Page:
How did Paul know that his words were “trustworthy and deserving of full acceptance?” How did Paul know that his belief in Jesus was belief in the truth versus a belief in one of several legitimate, competing “truths?”
He knew his words were trustworthy and deserving of full acceptance because Christ had risen from the dead. Because Christ had risen from the dead—a claim that cannot be made by any other religious founder or leader. And if Christ has risen from the dead, everything else that Jesus said and did can be accepted as true.
But what if the resurrection of Jesus is actually not true? What if it is a myth? What if in the end, it turns out to be a cleverly made up hoax?
If it is a hoax, Christians are the most pitiful people in the world.
Paul wrote to the Corinthian church:
If the dead are not raised, not even Christ has been raised. And if Christ has not been raised, your faith is futile and you are still in your sins. Then those also who have fallen asleep in Christ have perished. If in Christ we have hope in this life only, we are of all people most of all to be pitied. But in fact Christ has been raised from the dead (1 Corinthians 15:17-20).
In fact…Christ has been raised.
How can we be so sure? As Simon Greenleaf, distinguished professor of law at Harvard discovered, the evidence is overwhelming. Based on the evidence alone, it takes more faith not to believe that Jesus rose from the dead than it takes faith to believe it.
As the Apostle Peter once wrote, “We did not follow cleverly devised myths when we made known to you the power and coming of our Lord Jesus Christ, but we were eyewitnesses of his majesty (2 Peter 1:16).
Eyewitnesses. Of his majesty.
What eyewitness evidence to Jesus’ resurrection was so convincing to the likes of Simon Greenleaf? There are several excellent books that have been written on the subject, including Who Moved the Stone? by an English journalist attorney named Frank Morrison. Also, The Case for Christ and The Case for Faith by Lee Strobel, More Than a Carpenter and Evidence That Demands a Verdict by Josh McDowell, and Tim Keller’s The Reason for God are excellent, more detailed treatments of the subject.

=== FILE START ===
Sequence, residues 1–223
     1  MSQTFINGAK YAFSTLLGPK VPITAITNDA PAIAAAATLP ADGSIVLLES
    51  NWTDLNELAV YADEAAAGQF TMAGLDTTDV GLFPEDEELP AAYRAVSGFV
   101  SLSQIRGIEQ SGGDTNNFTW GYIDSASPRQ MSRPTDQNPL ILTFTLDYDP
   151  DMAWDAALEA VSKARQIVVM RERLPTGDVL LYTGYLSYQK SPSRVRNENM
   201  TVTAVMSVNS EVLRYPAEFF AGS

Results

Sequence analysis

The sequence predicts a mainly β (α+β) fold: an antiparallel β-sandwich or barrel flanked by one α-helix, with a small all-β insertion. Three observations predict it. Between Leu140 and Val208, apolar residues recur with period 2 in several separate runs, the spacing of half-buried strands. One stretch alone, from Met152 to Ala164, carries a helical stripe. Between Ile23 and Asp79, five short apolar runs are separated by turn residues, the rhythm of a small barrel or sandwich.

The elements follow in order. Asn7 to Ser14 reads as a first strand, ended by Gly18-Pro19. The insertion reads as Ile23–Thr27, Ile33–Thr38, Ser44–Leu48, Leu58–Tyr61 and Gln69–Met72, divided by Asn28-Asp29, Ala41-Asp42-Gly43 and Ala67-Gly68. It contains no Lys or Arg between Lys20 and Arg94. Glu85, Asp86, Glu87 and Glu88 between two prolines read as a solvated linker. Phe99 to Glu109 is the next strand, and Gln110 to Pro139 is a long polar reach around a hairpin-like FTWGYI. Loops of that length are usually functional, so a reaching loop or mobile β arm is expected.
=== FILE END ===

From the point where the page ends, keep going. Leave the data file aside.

It may be helpful to highlight a few of these so-called “evidences.”
One such evidence is the Apostle Paul’s undisputed claim that there were over five hundred, real-time eyewitnesses to the resurrection of Christ in the first century, “most of whom (were) still alive” (1 Corinthians 15:3-11). Another evidence is the historical record of how each of the twelve disciples of Jesus died. Judas, the one false disciple, hanged himself over guilt related to his betrayal of Jesus. Ten of the others died as martyrs because of their unwillingness to recant their Christian faith to show ultimate allegiance to the Roman Caesar. The disciple John, exiled to the island of Patmos for the same unwillingness to recant, died of old age as a prisoner for Jesus. With this historic record in mind, Josh McDowell wrote the following in More Than a Carpenter:
If the Resurrection had not happened, obviously the disciples would have known it. I can find no way that these particular men could have been deceived. Therefore they not only would have died for a lie—here’s the catch—they would have known it was a lie. It would be hard to find a group of men anywhere in history who would die for a lie if they knew it was a lie.
Other evidence for Christianity includes the countless lives over the centuries that have been changed. In a candid interview about his Christian faith, Bono issued a challenge to his skeptical interviewer with these words: